Though a lucky bounce away from a three-game losing streak, Kentucky still speaks about a glorious destiny. Just don't ask exactly how the Cats will get there.
"Everybody around the nation thinks we don't have a shot," said Jarrod Polson, who along with Jon Hood will be honored before Tuesday's Senior Night game against Alabama. "They think we're done for. ...
"It's us against world. We're going to prove everyone wrong."
Polson's bold declaration Monday echoed what Aaron Harrison said after the loss at then-last-place South Carolina on Saturday. He insisted that this season would be "a great story" to add to Kentucky basketball lore.
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"That's exactly what we want," UK Coach John Calipari said of his players' can-do words.
Then Calipari seemed to suggest critics unfairly harp on his team's setbacks. "I know we were the only team to lose on Saturday," he said sarcastically. "But you deal with it, and you move on. Now, how do we get this team thinking right."
Repeating a UK coaching theme of recent weeks, Calipari spoke of the Cats' confidence needing a boost, which came as no surprise given the poor shooting of late, and at times a hesitancy to take a perimeter shot. So it was good that Polson and Harrison sounded confident.
"We're trying to do stuff," Calipari said. "Let them know, 'What you're trying to do, you're capable of doing, right now.'"
The UK coaches — and all coaches — must walk a tightrope: balancing blunt, even abrasive criticism with encouragement. When asked about this balance, Calipari said, "One thing I know, being a coach, if you don't hold guys accountable, you lose your team."
That principle was "probably the most important thing" a coach must know, he added.
The loss at South Carolina called into question not whether Calipari should hold UK players accountable, but whether he might be wise to turn down the scoldings occasionally and add more encouragement. Coincidentally or not, Kentucky staged a comeback that reduced a 16-point deficit to one after the referees ejected Calipari with 10:25 left. South Carolina's ill-advised shots and turnovers fueled the UK rally, but it seemed assistant coach John Robic's calmer, quieter approach also helped.
"It's not like we brought some Joe Schmo off the street to finish the game," Hood said when asked about Robic's contribution. "It was a new light. Fresh air, I guess."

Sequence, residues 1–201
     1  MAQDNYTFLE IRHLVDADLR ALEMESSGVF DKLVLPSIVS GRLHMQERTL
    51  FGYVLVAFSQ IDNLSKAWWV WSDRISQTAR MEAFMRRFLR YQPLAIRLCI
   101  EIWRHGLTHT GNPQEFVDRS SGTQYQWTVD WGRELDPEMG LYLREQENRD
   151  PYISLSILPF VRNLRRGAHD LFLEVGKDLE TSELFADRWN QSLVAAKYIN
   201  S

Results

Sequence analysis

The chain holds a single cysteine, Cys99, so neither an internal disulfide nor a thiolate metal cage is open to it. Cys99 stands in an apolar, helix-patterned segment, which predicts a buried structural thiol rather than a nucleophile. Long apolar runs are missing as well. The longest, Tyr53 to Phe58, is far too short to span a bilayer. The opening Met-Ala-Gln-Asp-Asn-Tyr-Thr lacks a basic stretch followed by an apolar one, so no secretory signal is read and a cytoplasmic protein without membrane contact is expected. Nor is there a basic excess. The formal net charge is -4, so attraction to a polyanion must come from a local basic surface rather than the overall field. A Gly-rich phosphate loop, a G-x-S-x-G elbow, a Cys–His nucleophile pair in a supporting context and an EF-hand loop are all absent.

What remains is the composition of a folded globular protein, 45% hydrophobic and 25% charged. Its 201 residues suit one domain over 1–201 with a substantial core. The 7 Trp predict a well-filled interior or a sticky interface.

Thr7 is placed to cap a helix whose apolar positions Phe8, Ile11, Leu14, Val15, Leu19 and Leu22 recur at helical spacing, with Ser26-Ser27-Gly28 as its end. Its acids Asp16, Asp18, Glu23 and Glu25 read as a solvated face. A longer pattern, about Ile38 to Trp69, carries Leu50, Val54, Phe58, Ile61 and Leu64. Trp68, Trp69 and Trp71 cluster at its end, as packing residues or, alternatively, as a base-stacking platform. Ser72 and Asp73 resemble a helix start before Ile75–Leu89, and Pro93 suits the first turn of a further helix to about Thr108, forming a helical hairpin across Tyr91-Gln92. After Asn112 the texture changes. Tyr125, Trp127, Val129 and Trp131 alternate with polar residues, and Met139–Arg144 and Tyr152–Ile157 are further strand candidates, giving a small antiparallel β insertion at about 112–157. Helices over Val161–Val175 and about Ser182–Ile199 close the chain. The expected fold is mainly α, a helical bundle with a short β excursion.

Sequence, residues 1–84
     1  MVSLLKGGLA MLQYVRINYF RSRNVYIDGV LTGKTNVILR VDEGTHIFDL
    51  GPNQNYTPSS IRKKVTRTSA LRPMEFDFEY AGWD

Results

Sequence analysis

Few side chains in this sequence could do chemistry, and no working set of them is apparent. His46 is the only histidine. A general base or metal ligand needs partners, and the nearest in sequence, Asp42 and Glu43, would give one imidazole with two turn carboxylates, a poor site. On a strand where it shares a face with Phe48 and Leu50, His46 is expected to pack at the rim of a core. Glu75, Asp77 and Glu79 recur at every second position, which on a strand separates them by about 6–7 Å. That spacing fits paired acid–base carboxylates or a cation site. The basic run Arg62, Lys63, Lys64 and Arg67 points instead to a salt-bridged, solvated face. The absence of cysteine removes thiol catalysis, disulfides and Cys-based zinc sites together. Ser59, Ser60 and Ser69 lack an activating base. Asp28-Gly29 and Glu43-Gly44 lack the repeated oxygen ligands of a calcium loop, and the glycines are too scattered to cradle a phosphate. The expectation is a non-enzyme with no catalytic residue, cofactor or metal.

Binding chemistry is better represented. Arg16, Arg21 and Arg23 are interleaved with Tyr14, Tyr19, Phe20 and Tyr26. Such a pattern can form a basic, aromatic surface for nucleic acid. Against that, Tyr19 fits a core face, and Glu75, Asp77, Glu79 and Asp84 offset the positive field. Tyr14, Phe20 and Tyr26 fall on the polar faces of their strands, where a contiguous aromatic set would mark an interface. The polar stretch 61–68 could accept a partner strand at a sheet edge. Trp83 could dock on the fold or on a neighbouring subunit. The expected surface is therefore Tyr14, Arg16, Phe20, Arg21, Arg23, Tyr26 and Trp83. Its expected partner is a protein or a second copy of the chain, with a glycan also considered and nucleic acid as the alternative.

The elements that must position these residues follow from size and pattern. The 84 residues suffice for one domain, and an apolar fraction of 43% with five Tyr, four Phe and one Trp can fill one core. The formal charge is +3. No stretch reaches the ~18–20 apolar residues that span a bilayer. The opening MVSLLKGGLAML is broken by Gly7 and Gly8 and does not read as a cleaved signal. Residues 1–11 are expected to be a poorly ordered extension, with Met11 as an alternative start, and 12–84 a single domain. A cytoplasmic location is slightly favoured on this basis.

Calipari interrupted a question about Robic's approach with a sarcastic, if not petulant, counter. "He's a better coach," he said four times before adding, "I should let him be head coach."
Earlier in the day during a Southeastern Conference coaches' teleconference, Calipari acknowledged that he'd be willing to try different approaches, be it tough taskmaster or Pete Carroll-like cheerleader.
"I will be whoever I have to be," he said. "Because this is not about me. It's about the team. I have to get them more confident and figure out what do they need me to be."
Calipari noted that flexibility has been a hallmark of his remarkably successful coaching career. "Whatever they need from me, that's how I've coached," he said. "Whatever they need. And I've done it every year I've coached."
Calipari became quite the contortionist in explaining the two technicals and ejection at South Carolina.
"They need me to keep leading them," he said when noting a UK team dependent on freshmen.
So, why didn't Calipari restrain himself after getting hit with a technical foul in the first half. He knew a second technical foul meant an ejection that would rob Kentucky of its leader.
"People walked up and said you did that on purpose," Calipari said. "I didn't do it on purpose. ... Hopefully I've led well enough, they don't need me out there. They can perform. That's leadership!"
Calipari likened the ejection to a team or group adjusting when the leader is absent because of illness or some other reason.
"The ship moves on," he said, "and you look back and say, 'I did a good job leading because I had other people around me on a team that knows they can do this without me.'
"I think that was important for them to see."